While year-round education relieves overcrowding and has some educational benefits (such as increasing students' retention of what they have learned), it also has some drawbacks: parents may resist changes in the traditional school year; school maintenance and student transportation costs may increase; and, in warmer climates, schools may have to be fitted with air conditioning for summer classes, which may be prohibitively costly.


Providing adequate spaces for education is not simply a matter of ensuring a certain number of square feet of classroom space per student. For learning to truly take place, students must have access to spaces appropriate for the purposes to which they are being used. Among other things, this means that classes should be held in rooms meant for instruction, not in makeshift spaces such as closets and hallways; science classes should be held in laboratories designed to support hands-on learning; and classrooms for the arts, the trades, and technology should be equally appropriately equipped. Schools should be able to provide quiet and safe places for individual testing and private counseling, as well as suitable common areas such as libraries, gyms, and playgrounds. School facilities should be properly maintained and functional, and all areas should be accessible to people with disabilities.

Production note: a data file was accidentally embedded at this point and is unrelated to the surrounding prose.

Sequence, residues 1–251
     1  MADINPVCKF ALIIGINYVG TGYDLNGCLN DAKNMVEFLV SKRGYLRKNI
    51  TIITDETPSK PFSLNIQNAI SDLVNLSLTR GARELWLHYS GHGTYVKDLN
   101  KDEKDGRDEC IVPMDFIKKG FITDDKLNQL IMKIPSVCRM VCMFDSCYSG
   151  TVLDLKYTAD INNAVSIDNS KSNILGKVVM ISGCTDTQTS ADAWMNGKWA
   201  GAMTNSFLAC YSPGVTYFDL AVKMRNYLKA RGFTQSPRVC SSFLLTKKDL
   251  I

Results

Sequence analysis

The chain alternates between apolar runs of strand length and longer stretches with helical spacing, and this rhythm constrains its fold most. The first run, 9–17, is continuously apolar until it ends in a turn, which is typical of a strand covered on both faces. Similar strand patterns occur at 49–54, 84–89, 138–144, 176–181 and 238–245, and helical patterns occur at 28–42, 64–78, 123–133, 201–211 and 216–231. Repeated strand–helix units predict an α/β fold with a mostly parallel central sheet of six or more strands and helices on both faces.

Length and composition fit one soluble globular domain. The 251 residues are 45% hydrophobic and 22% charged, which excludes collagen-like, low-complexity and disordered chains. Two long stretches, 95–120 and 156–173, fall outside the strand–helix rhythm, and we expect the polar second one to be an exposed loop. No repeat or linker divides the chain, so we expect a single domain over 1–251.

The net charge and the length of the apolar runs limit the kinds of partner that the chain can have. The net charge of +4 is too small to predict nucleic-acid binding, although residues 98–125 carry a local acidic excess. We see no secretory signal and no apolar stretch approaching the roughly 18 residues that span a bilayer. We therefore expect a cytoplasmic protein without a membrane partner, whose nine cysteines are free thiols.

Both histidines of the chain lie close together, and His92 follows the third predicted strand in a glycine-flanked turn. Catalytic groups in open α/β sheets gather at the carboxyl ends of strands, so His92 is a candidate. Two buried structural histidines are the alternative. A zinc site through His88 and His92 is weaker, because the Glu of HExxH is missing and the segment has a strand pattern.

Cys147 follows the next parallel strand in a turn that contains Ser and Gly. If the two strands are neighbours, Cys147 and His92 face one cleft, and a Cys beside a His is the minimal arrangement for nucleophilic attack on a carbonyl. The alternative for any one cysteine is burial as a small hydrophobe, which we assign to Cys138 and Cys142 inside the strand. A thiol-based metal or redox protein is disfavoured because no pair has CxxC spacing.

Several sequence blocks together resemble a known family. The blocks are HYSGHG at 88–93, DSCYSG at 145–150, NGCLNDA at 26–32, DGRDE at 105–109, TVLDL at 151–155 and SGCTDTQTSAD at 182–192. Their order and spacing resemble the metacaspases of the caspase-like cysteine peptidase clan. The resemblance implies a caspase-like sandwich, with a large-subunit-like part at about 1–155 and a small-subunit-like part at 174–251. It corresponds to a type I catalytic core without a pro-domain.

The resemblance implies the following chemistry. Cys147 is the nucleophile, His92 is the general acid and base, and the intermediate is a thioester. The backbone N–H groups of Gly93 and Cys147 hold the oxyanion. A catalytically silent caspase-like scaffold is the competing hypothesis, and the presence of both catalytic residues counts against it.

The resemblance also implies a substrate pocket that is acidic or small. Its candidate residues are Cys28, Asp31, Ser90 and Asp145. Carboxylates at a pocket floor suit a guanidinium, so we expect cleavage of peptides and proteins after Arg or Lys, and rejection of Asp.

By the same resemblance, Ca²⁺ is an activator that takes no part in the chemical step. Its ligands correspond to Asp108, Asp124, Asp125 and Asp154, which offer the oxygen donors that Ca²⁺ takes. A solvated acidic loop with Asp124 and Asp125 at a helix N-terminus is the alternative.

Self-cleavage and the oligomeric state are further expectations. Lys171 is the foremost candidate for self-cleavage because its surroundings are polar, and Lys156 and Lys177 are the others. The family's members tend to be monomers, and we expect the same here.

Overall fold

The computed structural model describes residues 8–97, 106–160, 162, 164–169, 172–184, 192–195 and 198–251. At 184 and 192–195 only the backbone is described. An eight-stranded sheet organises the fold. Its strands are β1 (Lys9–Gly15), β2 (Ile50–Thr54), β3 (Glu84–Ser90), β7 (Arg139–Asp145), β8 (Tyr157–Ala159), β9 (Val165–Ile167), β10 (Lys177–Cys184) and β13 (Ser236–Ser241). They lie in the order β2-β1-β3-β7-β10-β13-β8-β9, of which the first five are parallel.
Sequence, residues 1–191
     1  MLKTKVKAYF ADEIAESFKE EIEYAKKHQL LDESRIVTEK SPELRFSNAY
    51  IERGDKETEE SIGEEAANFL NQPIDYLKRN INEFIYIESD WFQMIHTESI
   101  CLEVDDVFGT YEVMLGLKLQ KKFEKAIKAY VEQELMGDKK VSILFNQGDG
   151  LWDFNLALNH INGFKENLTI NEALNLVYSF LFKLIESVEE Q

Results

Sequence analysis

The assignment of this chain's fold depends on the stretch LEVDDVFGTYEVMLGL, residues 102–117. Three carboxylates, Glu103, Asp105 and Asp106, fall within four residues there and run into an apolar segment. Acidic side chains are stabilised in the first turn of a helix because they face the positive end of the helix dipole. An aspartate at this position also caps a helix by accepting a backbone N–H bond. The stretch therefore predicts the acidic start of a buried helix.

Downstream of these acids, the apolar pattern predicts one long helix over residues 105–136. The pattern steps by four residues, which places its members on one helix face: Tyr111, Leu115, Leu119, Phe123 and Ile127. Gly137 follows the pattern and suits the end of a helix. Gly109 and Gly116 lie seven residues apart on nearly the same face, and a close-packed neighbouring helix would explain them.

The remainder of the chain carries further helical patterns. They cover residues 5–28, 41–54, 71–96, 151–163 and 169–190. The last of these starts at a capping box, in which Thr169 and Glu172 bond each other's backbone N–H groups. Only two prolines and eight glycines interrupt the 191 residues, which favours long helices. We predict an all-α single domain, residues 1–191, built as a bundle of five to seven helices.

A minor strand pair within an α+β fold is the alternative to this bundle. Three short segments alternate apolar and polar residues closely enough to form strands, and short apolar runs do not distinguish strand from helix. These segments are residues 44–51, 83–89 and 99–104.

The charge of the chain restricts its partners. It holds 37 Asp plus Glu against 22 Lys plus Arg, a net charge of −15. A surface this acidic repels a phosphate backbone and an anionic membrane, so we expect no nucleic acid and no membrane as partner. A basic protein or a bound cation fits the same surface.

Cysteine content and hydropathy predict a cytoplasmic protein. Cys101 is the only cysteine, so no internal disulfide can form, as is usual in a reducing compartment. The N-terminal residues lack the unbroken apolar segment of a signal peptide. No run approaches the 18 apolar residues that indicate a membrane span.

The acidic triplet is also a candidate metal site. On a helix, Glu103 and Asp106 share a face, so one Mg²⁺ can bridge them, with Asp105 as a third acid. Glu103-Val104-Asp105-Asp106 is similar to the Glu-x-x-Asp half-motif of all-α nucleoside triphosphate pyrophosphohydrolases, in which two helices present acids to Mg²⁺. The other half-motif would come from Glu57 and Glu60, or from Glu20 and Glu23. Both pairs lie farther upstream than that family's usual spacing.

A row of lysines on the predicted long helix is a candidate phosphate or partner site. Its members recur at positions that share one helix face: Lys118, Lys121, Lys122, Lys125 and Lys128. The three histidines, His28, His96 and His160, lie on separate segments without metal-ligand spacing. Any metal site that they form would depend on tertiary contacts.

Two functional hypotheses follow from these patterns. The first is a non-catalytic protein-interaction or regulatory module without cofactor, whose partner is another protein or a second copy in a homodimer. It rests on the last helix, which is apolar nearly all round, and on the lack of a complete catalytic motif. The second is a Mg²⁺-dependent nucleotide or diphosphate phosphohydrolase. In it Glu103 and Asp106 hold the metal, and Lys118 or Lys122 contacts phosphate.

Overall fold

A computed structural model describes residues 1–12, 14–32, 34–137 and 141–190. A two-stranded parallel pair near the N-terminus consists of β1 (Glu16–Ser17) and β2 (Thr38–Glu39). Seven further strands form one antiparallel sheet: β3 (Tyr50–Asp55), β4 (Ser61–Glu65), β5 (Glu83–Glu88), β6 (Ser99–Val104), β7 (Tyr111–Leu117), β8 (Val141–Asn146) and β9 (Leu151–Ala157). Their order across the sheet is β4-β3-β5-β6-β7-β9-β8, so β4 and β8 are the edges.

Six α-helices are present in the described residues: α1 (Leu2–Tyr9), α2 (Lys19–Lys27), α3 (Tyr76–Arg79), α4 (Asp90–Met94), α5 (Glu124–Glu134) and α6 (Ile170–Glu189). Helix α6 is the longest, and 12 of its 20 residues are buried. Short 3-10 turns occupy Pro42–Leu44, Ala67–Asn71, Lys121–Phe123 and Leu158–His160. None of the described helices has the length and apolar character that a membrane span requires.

All too often such space configurations are not recognized as fundamental educational necessities. However, if schools are to fulfill their education mission, adequate spaces for learning must be provided. This is especially true in urban areas, where students may not have access to a safe and orderly environment outside school walls.

This digest is based on two reports. One, "Bursting at the Seams: Report of the Citizens' Commission on Planning for Enrollment Growth," by Ricardo R. Fernandez and P. Michael Timpane, Chairmen, is available from the Office of the Chancellor, New York City Board of Education, 110 Livingston Street, Brooklyn, NY 11201. The other, "A School System at Risk: A Study of the Consequences of Overcrowding in New York City Public Schools," by Francisco L. Rivera-Batiz and Lillian Marti, is available from the Institute for Urban and Minority Education, Box 75, Teachers College, Columbia University, New York, NY 10027. Both publications are also contained in the ERIC microfiche collection.